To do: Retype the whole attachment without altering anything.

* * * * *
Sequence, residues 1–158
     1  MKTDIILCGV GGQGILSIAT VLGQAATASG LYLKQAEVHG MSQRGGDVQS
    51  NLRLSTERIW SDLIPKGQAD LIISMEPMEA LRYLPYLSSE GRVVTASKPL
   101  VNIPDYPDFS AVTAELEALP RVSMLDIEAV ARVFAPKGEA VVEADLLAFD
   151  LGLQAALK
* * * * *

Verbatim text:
Sequence, residues 1–158
     1  MKTDIILCGV GGQGILSIAT VLGQAATASG LYLKQAEVHG MSQRGGDVQS
    51  NLRLSTERIW SDLIPKGQAD LIISMEPMEA LRYLPYLSSE GRVVTASKPL
   101  VNIPDYPDFS AVTAELEALP RVSMLDIEAV ARVFAPKGEA VVEADLLAFD
   151  LGLQAALK